How consumers buy wine – the 100-point scale revisited

Wine ratings by the likes of Wine Advocate, Wine Spectator and Wine Enthusiast have been useful guides in the past for a generation of consumers in the US who really didn’t know too much about wine.  According to Michel Bettane, famed French wine critic speaking last November in Hong Kong, wine evaluation traditionally served the interests of the trade, maintaining good prices for producers and therefore merchants.  In the US, ratings helped consumers buy wine because they were easy to understand and easily duplicatable. 

At the 13th annual Anderson Valley Pinot Noir Festival last Friday, Daniel Sogg, former editor of the Wine Spectator, gave his take on the most popular form of ratings, the 100-point scale.  Sogg said it is clearly part of our culture and has instant meaning for consumers.  He said it also satisfies a psychological need for consumers who see aspirational value in higher scores and who do not want to appear “stupid” to their peers.  Sogg said that ratings have become even more important to consumers given the sheer volume of brands coming out of a growing number of wine regions. 

What the ratings don’t always reflect are the conditions under which wines are evaluated.  Wine critics often taste several wines at a time and therefore tasting order and fatigue may affect their opinion, and they may judge the wines comparatively to the particular group in front of them. 

What ratings also don’t convey is why consumers enjoy these wines.  According to Bettane, the old world approach, and the way Bettane & Desseauve practice wine criticism, is to evaluate wines on a relative vs. absolute basis, taking into account vintage, terroir, style, ageing potential and other complex elements.  According to Bettane, the evaluation should also consider the “cultural dimension” of wine including history and tradition vs. the immediate and perishable flavor of wine or its immediate price.  The evaluation of wine ultimately should be an education vs. a recommendation because the “pleasure is complete” when the consumer makes his own decision.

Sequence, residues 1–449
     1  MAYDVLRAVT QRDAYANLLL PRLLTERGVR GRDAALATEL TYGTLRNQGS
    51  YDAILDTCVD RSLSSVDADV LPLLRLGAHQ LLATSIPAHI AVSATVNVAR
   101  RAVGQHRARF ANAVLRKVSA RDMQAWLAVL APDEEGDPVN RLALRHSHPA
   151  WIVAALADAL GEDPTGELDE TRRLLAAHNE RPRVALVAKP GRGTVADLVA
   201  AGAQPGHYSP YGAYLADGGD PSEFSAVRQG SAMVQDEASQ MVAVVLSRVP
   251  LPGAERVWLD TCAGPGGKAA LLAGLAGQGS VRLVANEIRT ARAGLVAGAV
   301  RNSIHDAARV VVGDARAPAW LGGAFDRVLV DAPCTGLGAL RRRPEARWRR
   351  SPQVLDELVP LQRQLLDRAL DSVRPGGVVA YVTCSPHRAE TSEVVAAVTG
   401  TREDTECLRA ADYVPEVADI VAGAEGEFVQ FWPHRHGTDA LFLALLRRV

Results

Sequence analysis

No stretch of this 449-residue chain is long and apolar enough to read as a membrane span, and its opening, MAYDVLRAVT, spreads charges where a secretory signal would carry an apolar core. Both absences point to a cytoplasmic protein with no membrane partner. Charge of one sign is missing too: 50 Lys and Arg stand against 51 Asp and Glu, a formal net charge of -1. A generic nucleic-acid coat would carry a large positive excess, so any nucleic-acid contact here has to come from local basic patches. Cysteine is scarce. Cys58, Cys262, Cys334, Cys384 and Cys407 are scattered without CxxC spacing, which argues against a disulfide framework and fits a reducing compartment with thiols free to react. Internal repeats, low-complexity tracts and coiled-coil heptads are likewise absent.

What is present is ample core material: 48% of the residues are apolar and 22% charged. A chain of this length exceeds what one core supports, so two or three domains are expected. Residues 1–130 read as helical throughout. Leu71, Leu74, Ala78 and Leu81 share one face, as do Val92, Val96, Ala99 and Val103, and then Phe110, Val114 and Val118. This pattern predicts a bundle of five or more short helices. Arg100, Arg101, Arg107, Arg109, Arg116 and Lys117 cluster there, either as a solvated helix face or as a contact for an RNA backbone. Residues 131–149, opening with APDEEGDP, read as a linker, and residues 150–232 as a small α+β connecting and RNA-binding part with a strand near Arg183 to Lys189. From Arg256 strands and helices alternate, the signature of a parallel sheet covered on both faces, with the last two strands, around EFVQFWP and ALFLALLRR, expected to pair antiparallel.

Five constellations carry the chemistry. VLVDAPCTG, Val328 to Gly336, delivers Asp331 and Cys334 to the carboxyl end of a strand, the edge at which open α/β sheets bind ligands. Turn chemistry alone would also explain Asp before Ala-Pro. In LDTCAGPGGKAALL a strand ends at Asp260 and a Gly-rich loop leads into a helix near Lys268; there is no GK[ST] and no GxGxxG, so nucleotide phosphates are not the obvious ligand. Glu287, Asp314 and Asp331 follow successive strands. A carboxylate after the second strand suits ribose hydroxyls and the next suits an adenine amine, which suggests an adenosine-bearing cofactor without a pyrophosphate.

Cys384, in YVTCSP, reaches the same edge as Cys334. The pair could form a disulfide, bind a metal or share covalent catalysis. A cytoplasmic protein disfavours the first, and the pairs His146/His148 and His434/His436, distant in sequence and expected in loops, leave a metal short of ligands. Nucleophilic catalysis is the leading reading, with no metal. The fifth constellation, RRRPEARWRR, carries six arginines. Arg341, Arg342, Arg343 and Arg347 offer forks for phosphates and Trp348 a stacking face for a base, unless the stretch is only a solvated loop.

Sogg said that most US critics do take temporal aspects of wine like ageability into account by  scoring wines “at their best.”  For example, if a critic says the wine will be at its best from 2012 to 2020, then the score should apply to that stage.  In reality, this is not always the case.  Sogg said that its not the best wines that get the best scores, but the best examples of a “style” of wine that appeal to certain critics, such as big, fruit-driven reds that show well young, and this influences how some winemakers make their wines.  Sogg gave examples of some producers blending in a small amount of young wines prior to bottling (US labelling laws permit up to 5% of non-vintage wines in a vintage-labelled wine) to add youthful fruit to a longer-aged wine, or putting the wines in 100% new french oak for the last 5-6 months of ageing.  Some Bordeaux producers perform full malolactic on wines in new french oak barrel to show well early in en primeur despite its questionable impact on ageability. 

Scores also don’t take into account how we buy and enjoy the wines.  We enjoy simple, fruity, inexpensive wines for everyday consumption to ultra-luxury, meditation wines, and we also invest in wines.  Is a 90-point score for a $10 argentina malbec that we have with tonight’s burger comparable to a $200 Napa Valley cab that is cellared away?   Could a wine rated on its own possibly taste better when paired with complementary-flavored food?

Sogg made the point that the 100-point scale is not really a 100-point scale – when was the last time you saw a 25 or 50 point wine?  It’s really a 15-20 point scale.  It gets back to the original commercial importance of scores in markets like the US and UK.   Critics simply seek out wines that they can recommend.

Sogg said that consumer-driven wine evaluation such as and blogs will increase in importance but that conventional wine ratings will always have a role.  Time will tell.  While ratings may or may not be objective, Sogg conceded that consumer “enjoyment” of wine is by nature subjective.